URIAH HEEP’s MICK BOX On Hypothetical ROCK AND ROLL HALL OF FAME Induction: ‘If It Happens, It Happens’

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In a new interview with Meltdown of Detroit’s WRIF radio station, URIAH HEEP guitarist Mick Box was asked why his band has not yet been inducted into the Rock And Roll Hall Of Fame. He responded: “Funny enough, we did a European tour with THE ZOMBIES supporting us. And then they got nominated, and they got in the Hall Of Fame. So I don’t think there’s any particular rules. I think they’ve got their own agenda, and I think they only choose a small amount of people each year. Our industry is full of people that deserve to be there, and it’s nice that people include us in that deserving place. But if it happens, it happens; and if it doesn’t, we’ll carry on with life. But if we do get in the Hall Of Fame, it will just be a tick in the box that we’ll be very proud of getting there. But you can’t rely on it; as I say, they’ve got their own agenda. And if we do get chosen, then we’ll be very happy puppies.”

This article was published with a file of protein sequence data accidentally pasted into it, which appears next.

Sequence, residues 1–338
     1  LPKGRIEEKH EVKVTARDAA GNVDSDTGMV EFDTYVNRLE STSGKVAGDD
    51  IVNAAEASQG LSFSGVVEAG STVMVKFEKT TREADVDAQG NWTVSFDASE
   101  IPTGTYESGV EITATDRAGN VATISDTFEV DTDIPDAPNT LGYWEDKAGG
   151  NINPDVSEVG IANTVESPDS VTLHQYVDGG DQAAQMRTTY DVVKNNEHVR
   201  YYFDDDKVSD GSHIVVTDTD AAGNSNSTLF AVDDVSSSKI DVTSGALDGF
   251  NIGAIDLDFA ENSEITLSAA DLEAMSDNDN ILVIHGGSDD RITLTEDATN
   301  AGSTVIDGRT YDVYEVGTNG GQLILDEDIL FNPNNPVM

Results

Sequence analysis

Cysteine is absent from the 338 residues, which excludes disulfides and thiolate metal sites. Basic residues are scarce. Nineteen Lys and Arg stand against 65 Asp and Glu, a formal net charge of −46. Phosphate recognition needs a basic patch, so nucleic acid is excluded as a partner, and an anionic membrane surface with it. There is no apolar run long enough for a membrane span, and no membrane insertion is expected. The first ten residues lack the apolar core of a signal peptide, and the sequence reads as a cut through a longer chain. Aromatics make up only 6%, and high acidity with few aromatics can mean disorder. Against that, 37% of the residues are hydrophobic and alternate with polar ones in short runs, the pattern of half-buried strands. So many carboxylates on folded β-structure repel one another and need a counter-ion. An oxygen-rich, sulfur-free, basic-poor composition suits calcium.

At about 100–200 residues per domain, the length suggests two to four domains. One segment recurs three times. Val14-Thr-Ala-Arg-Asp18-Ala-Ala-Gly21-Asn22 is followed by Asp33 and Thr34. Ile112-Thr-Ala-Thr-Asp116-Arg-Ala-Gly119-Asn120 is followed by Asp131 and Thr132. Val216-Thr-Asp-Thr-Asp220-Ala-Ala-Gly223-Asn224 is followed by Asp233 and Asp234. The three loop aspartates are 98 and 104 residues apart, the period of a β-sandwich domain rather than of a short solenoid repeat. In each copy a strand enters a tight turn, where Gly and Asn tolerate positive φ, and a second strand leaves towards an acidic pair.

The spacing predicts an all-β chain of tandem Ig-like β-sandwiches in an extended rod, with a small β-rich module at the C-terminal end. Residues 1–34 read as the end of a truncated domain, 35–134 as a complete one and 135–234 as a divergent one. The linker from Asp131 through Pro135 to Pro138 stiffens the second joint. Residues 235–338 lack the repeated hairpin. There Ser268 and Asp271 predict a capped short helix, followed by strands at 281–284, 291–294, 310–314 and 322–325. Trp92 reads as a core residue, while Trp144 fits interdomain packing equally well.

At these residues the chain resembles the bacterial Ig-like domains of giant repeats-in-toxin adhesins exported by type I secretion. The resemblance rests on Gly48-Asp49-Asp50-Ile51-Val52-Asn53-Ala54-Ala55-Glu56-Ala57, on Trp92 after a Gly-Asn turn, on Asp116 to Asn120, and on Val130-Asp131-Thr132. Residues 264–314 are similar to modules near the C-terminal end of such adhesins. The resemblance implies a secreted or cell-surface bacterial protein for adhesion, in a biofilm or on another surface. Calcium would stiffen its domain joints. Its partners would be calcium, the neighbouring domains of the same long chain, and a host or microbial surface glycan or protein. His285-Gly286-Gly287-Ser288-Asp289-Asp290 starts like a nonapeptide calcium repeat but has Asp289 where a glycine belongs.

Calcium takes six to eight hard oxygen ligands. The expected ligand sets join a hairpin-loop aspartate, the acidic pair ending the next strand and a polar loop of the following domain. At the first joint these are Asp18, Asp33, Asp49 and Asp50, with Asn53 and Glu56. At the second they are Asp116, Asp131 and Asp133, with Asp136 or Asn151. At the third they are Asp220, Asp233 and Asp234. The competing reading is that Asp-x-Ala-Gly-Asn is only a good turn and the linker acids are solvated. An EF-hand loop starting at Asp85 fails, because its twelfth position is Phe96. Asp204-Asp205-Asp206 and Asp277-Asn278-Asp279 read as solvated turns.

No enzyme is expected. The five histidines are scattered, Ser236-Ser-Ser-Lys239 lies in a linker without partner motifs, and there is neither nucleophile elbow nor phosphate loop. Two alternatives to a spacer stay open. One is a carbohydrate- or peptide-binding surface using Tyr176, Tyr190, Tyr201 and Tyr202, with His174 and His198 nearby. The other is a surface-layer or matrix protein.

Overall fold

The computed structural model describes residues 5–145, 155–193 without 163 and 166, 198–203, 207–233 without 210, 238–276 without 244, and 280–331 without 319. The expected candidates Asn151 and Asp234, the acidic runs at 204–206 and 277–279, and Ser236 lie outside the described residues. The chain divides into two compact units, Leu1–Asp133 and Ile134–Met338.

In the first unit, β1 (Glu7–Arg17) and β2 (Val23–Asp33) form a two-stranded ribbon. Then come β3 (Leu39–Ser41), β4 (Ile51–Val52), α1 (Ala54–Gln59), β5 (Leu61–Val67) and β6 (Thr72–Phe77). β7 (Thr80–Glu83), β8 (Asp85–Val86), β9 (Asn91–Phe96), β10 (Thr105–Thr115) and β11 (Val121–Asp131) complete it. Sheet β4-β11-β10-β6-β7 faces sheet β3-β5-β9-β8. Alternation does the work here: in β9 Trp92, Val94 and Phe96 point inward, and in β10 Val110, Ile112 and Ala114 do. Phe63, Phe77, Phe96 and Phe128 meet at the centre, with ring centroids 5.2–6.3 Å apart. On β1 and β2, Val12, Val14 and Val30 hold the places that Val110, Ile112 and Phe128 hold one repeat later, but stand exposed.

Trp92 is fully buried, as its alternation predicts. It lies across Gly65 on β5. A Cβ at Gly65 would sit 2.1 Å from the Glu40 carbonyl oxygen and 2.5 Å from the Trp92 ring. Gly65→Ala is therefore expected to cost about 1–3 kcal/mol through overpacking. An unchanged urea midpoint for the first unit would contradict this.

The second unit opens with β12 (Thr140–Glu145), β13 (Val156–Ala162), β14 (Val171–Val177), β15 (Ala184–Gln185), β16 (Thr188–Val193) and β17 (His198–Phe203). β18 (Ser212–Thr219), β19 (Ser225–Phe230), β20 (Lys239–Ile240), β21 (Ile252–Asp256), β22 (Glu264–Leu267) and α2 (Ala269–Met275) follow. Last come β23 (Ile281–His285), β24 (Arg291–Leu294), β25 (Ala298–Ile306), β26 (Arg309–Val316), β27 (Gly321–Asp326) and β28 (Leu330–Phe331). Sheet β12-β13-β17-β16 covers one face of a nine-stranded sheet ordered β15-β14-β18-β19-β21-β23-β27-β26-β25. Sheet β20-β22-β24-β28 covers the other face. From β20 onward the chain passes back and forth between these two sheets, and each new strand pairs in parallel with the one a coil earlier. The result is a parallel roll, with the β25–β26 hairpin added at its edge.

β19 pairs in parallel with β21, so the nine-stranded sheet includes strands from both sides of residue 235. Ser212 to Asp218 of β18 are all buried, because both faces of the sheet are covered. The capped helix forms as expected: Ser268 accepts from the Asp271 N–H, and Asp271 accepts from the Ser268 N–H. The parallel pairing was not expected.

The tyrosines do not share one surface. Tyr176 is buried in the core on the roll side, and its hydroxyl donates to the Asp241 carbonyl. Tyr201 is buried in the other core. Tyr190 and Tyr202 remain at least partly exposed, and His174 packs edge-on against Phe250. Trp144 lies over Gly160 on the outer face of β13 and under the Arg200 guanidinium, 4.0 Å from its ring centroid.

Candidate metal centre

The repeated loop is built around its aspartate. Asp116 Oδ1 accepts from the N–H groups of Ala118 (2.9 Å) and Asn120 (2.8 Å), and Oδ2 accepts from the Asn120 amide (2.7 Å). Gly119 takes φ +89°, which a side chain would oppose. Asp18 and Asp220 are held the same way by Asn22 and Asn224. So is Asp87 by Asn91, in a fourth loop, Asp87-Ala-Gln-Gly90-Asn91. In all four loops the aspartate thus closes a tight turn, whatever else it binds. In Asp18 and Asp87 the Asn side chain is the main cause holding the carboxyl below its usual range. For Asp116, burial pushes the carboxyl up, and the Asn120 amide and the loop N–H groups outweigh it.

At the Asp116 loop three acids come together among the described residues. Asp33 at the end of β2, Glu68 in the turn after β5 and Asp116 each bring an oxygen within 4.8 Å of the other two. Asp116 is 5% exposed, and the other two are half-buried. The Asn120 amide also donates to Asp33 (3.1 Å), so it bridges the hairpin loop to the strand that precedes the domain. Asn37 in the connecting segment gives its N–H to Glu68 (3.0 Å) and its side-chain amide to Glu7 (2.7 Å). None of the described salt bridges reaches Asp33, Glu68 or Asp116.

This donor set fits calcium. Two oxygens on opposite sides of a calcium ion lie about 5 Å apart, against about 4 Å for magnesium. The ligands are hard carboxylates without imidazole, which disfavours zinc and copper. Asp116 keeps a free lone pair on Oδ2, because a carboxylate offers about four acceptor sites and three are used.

URIAH HEEP‘s 25th studio album, “Living The Dream”, was released in September 2018 via Frontiers Music Srl. The disc was helmed by the widely respected Canadian producer Jay Ruston, known for his work with STONE SOUR, ANTHRAX and STEEL PANTHER.

Box is the original guitarist and sole remaining founding member of URIAH HEEP. He, vocalist Bernie Shaw and keyboardist/vocalist Phil Lanzon have formed the nucleus of the band for more than 34 years and released 17 albums together.

URIAH HEEP debuted in 1970 with the release of one of hard rock’s milestones, “Very ‘Eavy, Very ‘Umble”, and has since sold in excess of 40 million albums worldwide. They constantly tour the world, playing up to 125 shows a year to more than 500,000 fans. The band’s live set features the classic tracks from the ’70s and is a musical journey from the band’s beginnings to the present day.

Along with LED ZEPPELIN, BLACK SABBATH and DEEP PURPLE, URIAH HEEP helped invent a decorative and uniquely British form of heavy metal with “Very ‘Eavy, Very ‘Umble”, offered as a self-titled on American shores, but whatever the titling, historically massive in the invention of a music format that would rule the ’70s and only intensify in the ’80s.

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